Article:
Take a look at your hand. Are you wearing a wedding ring, graduation ring, award ring, or something you just enjoy seeing on your finger? Ever wonder why there are so many different rings?
That question bothered Keith Austin, owner of Austin’s Jewelry located at 230 East Idaho at Foster. “I have collected something all my life,” he says, referencing stamps, coins, barbed wire, date nails, and railroad collectibles. Today, he displays about 40 percent of his collection of 8,000 to 10,000 rings in his store’s Ring Museum.
Keith began working in retail at age 19, including a Sears store in Hobbs, New Mexico. When he left Sears, he bought a gift shop. “Timing is everything,” he says. “About a year after I bought that shop, the oil field went pfft! I lost it all.” (Remember the oil crisis of the 1970s?)
He accepted a job at a jewelry store in Las Cruces, where he and his wife had wanted to live. After eight years in the business, he decided to open his own jewelry store in 1988.
“I don’t generally have a savings account,” he relates. “I have a collection and, when I need cash to do something, I sell the collection.” He sold his, then, current collection to finance the remodeling of the new store he opened in 1996.
Keith had thought of opening an antique mall in Las Cruces — owning a similar business in Albuquerque — and locating his jewelry business next door. Since he was now starting a new collection, he says, “I thought, what could I collect that would connect the two?” He settled on rings.
“A ring is the only jewelry that serves so many different purposes. Most of the rest of jewelry is for adornment,” Keith says. Companies award rings for service, safe driving, and professional accomplishments. There are school rings, Boy Scout and Girl Scout rings, FFA, FHA, and 4H, fraternal, and military. “There seems to be a ring for every organization you can imagine,” he says.
What you can see
So, he began collecting. Keith has Greek and Roman rings from the first century, which because they are actually fairly common, he values at only about $30 each. In antiquity, people buried valuables to protect them. Often, they forgot where or died before reclaiming them. Today, people use metal detectors to find stashes of rings and coins.
Also, because they were mostly hand-made, it’s difficult to prove their authenticity. “A ring could be old or rare,” Keith says, “but it could just as well have been made last week and artificially aged. You wouldn’t know if it was seven days or nineteen-hundred years old.”
One ring currently in Keith’s museum is a mourning ring from 1739. The English started the trend of commemorating the life of a family member or friend who had died with a ring. It incorporated some black material and usually the decedent’s hair. They also are among the rings he’s most confident about their provenance.
“England had hallmark laws,” he explains. “The jeweler had to stamp a ring, noting what metal was used, what taxes were paid, what company made it, what year it was made, and what town it was made in. Hallmarks give me very specific information.”
In part, the value of a ring is based on its rarity. Keith tells about Superman rings that were sold in the 1940s. In the mid-1990s, a toy ring price guide listed some Superman rings at $50,000 each because they were considered so rare. “Back then, you added to your collection by phoning or writing people or visiting antique stores,” Keith recalls. Then along came the internet, and people began trading and selling on sites like eBay. What that exposed was Superman rings were far from rare. Lots of people had them, and that drove the value down. The five Superman rings Keith has are 25 times less valuable than that guide estimated.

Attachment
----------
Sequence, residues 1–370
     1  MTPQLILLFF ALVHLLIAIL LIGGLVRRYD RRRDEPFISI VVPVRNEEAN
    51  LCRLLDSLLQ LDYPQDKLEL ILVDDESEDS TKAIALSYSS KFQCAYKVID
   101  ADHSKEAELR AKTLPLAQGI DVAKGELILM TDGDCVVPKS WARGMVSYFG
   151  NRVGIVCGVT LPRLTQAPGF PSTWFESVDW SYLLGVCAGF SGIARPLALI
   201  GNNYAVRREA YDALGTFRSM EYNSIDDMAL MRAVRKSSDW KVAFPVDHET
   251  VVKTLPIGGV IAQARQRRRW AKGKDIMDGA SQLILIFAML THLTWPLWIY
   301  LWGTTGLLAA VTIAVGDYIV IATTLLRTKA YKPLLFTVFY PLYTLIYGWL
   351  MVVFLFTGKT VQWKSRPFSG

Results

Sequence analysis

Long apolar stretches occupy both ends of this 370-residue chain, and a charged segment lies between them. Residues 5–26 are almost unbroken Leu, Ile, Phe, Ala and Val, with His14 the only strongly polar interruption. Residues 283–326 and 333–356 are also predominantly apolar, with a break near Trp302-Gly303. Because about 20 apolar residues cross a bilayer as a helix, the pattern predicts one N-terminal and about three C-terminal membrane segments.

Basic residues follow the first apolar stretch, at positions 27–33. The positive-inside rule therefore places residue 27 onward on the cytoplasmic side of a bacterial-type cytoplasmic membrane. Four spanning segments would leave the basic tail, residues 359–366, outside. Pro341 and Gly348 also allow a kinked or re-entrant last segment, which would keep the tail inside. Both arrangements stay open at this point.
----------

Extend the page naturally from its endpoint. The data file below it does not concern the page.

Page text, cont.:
Besides rings of antiquity, British mourning rings, and Superman rings, what would you expect to find in the Ring Museum? The collection includes items from around the world and in a wide variety of styles, materials, and topics. There are shelves of fine jewelry, made from common to precious metals, some with diamonds and gemstones, others made from unusual materials.
In Keith’s museum, there are toy rings associated with comic book characters, radio and TV characters, and promotions to get kids to eat a specific brand of cereal. There are cowboy rings, commemorating icons like Roy Rogers and Gene Autry, gadget rings like the ones used by Batman and Little Orphan Annie, and novelty rings, notably decoder rings, gun rings, spyglass rings, and others. There are rings for fraternal organizations and schools, including a ring from Las Cruces Union High School’s first graduating class in 1926.
There are turquoise and silver Hopi, Navajo, and Zuni rings — kachinas, bird and insect fetishes, and rainbow man. Keith purchased a complete set of Superbowl rings, reproductions made with cubic zirconia, not diamonds. “They cost $14 apiece,” he says. “That’s the only way I could have gotten the set.”
Among the collections are also a number of tools. There is a small anvil a Spanish colonial would have used, more likely to repair a shoe than make a ring, but typical of the period. There are hand-made stamps for imprinting designs in the item. Keith is particularly proud of a mold made by Native American jeweler Tom Burnside. He used a rod, approximately the diameter of a finger, set in a sandstone mold with a pouring port. Once the molten metal had set, Tom, who was an active jeweler from the 1920s to 1940s, could separate the mold halves, knock the ring off the rod, and finish it.
Keith opened the Ring Museum in 2013. “Rather than keep my collection private,” he says, “I decided it was better to share these beautiful findings with the public.”
Austin’s Jewelry and Ring Museum are open Tuesdays through Friday 9:30 a.m. – 5:30 p.m., and Saturday 9:30 a.m. – 4:30 p.m. You can also visit online at austinsjewelry.com.
Story and photography by Bud Russo
Originally published in Neighbors magazine.
Posted by LasCruces.com